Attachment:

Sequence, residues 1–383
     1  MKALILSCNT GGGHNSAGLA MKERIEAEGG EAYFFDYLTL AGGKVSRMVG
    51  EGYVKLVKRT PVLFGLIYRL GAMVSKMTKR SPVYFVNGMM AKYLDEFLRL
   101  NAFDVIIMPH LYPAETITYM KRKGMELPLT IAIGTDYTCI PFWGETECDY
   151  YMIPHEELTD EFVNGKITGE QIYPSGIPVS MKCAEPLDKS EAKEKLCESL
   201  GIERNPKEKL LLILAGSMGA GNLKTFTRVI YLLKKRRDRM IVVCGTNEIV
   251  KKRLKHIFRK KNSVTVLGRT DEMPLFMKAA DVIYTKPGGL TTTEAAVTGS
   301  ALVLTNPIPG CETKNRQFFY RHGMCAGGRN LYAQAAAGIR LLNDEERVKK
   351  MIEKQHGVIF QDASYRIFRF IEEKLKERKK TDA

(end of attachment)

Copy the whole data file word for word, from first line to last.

Sequence, residues 1–383
     1  MKALILSCNT GGGHNSAGLA MKERIEAEGG EAYFFDYLTL AGGKVSRMVG
    51  EGYVKLVKRT PVLFGLIYRL GAMVSKMTKR SPVYFVNGMM AKYLDEFLRL
   101  NAFDVIIMPH LYPAETITYM KRKGMELPLT IAIGTDYTCI PFWGETECDY
   151  YMIPHEELTD EFVNGKITGE QIYPSGIPVS MKCAEPLDKS EAKEKLCESL
   201  GIERNPKEKL LLILAGSMGA GNLKTFTRVI YLLKKRRDRM IVVCGTNEIV
   251  KKRLKHIFRK KNSVTVLGRT DEMPLFMKAA DVIYTKPGGL TTTEAAVTGS
   301  ALVLTNPIPG CETKNRQFFY RHGMCAGGRN LYAQAAAGIR LLNDEERVKK
   351  MIEKQHGVIF QDASYRIFRF IEEKLKERKK TDA